The CXR (2004) data suggest that Cereclor S52 induced a perturbation of the clotting system in neonates of mothers treated at a dose level of about 540 mg/kg bw/day during the lactational period. In adult animals, decreased levels of vitamin K and of the clotting factors VII and X were found but prothrombin time was unaffected, indicating that the functional reserve in adults is sufficient. The foetus in utero apparently receives sufficient vitamin K via the placenta, but after birth becomes severely deficient in vitamin K and related clotting factors when reliant on the mother’s milk for these factors. Pups may also receive through the milk considerable levels of MCCPs which may also further reduce their vitamin K levels. This in turn will lead to a severe vitamin K deficiency in these neonates (who are already compromised in their vitamin K status) and consequently to haemorrhaging.

More recently, two studies have investigated the clearance and pharmacokinetics of a single dose of radio-labelled vitamin K, administered either by intraperitoneal injection (Powrie, 2010a) or gavage (Powrie, 2010b), to groups of 4 female rats pretreated with 14 daily gavage doses of Cereclor S52 at 1 g/kg bw (in corn oil). These studies show that pre-treatment with MCCPs leads to reduced blood and tissue reservoir levels of orally administered vitamin K (compared to vehicle controls), but not following injection, suggesting that MCCPs inhibit the intestinal absorption of vitamin K (Powrie, 2010a,b; see IUCLID Chapter 7.1.1 for further details).

From the studies available, an overall NOAEL of 47 mg/kg bw/day as a maternal dose can be identified for those effects mediated via lactation, and is selected for the risk characterisation of an adult population of breastfeeding mothers. However, it should be noted that the effects (an 11% reduction in pup survival and related haemorrhaging) observed at the LOAEL (74 mg/kg bw/day) were not statistically significant. Haemorrhaging was also seen in one study at the time of parturition in 16% of dams given Cereclor S52 at about 540 mg/kg bw/day, but not up to 100 mg/kg bw/day in other studies. The NOAEL of 100 mg/kg bw/day is appropriate for the risk characterisation of haemorrhaging effects potentially occurring in pregnant women at the time of parturition.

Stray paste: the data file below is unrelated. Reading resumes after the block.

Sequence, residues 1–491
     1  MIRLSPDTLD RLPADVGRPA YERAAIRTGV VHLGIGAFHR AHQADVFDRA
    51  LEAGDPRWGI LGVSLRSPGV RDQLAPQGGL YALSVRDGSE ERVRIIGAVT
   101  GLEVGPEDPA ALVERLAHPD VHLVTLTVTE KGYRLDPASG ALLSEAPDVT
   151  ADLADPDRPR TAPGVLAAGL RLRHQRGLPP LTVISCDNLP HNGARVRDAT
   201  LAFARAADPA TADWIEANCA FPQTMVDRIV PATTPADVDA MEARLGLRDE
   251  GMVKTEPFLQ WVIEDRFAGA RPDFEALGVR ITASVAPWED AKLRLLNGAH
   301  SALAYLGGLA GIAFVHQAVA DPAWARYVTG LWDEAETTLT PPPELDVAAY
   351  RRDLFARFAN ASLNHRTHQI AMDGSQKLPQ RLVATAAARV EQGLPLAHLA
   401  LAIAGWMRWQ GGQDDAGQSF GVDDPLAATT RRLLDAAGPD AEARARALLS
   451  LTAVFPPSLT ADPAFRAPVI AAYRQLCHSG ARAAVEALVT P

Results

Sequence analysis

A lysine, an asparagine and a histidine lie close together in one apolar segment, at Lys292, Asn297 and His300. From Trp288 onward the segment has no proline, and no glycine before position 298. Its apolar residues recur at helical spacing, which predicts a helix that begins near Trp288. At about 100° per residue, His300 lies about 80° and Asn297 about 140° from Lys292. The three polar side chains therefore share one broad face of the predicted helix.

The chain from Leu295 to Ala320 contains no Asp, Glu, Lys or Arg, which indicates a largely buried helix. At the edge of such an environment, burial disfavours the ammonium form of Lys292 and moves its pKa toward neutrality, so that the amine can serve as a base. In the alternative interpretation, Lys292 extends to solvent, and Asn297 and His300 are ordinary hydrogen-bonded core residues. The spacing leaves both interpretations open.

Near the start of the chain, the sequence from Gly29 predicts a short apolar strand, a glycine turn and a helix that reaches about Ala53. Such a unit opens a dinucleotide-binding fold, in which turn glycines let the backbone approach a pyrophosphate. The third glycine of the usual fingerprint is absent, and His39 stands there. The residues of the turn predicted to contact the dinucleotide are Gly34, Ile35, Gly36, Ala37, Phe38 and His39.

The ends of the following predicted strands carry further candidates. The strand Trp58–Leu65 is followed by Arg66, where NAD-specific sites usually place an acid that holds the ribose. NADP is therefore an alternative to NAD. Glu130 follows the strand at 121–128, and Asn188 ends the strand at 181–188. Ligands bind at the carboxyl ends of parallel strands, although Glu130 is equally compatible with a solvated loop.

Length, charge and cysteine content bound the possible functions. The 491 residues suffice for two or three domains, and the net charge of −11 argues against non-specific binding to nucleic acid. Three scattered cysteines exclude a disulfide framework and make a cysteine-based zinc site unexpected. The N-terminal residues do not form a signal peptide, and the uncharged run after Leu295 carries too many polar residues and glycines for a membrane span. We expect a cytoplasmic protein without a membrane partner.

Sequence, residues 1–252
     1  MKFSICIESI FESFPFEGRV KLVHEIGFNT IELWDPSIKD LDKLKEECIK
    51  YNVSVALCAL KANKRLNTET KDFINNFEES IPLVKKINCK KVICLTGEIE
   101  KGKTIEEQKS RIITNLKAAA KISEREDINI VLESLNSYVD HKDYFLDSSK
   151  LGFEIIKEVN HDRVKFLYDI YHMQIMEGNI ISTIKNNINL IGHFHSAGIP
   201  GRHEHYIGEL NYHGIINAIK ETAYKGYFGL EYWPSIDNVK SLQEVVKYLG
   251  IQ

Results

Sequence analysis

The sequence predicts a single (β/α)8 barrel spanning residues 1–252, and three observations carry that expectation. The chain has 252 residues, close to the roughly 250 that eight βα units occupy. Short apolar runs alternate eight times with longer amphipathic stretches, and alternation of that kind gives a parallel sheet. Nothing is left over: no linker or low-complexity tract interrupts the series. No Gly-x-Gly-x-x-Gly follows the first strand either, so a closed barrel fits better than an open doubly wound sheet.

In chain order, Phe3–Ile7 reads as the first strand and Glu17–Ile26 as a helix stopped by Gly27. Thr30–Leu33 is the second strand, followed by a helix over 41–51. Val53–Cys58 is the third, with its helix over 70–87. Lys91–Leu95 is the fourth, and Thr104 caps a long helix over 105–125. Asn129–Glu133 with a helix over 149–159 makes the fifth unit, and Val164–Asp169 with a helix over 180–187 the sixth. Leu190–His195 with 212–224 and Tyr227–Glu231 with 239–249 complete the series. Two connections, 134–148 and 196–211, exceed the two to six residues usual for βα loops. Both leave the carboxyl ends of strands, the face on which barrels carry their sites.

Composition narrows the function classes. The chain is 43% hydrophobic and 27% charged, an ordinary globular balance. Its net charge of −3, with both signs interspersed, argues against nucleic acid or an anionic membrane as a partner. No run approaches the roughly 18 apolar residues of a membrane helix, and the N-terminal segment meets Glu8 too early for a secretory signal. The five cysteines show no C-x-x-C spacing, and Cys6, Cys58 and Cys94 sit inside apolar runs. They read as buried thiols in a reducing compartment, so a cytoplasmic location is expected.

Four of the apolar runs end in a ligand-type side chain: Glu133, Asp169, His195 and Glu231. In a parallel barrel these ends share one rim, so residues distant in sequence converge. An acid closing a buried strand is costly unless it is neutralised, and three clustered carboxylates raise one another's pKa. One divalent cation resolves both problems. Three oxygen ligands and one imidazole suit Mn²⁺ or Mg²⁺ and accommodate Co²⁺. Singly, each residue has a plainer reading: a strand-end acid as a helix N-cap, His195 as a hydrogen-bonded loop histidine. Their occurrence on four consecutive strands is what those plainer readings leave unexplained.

References (for studies for which no ESR has been created - move to reference list of CSR):

Ashby J et al. (1994). Mechanistically-based human hazard assessment of peroxisome proliferator-induced hepatocarcinogenesis. Human Experimental Toxicol. 13 Suppl 2 (cited in EU, 2008).


Bentley P et al. (1993). Hepatic peroxisome proliferation in rodents and its significance for humans. Food Chem. Toxicol. 31, 857-907 (cited in EU, 2008).

Elcombe C et al. (1997). Hepatic effects of chlorinated paraffins in mice, rats and guinea pigs: Species differences and implications for hepatocarcinogenicity. Unpublished report (cited in EU, 2008).


Meijer J et al. (1981). Effects of chlorinated paraffins on some drug-metabolising enzymes in rat liver and in the Ames test. Adv. Exp. Med. Biol. A136: 821-828 (cited in EU, 2008).


Meijer J and DePierre J (1987). Hepatic levels of cytosolic, microsomal and ‘mitochondrial’ expoxide hydrolases and other drug-metabolising enzymes after treatment of mice with various xenobiotics and endogenous compounds. Chem. Biol. Interactions. 62: 249-269 (cited in EU, 2008).


Wyatt I et al. (1993). The effect of chlorinated paraffins on hepatic enzymes and thyroid hormones. Toxicology. 77, 81-90 (cited in EU, 2008).


Wyatt I et al. (1997). Chlorinated Paraffins: Mechanisms of non-genotoxic carcinogenesis. Draft submitted to Arch. Toxicol. (cited in EU, 2008).

Repeated dose toxicity: via oral route - systemic effects (target organ) urogenital: kidneys

Justification for classification or non-classification

Under the EU CLP and DSD regulations, C14 -17 chlorinated paraffins would not be classified as a specific target organ toxicant as the observed kidney affects (considered of relevance to humans) in the 90-day oral rat studies were seen at doses significantly higher than 100 mg/kg bw/day.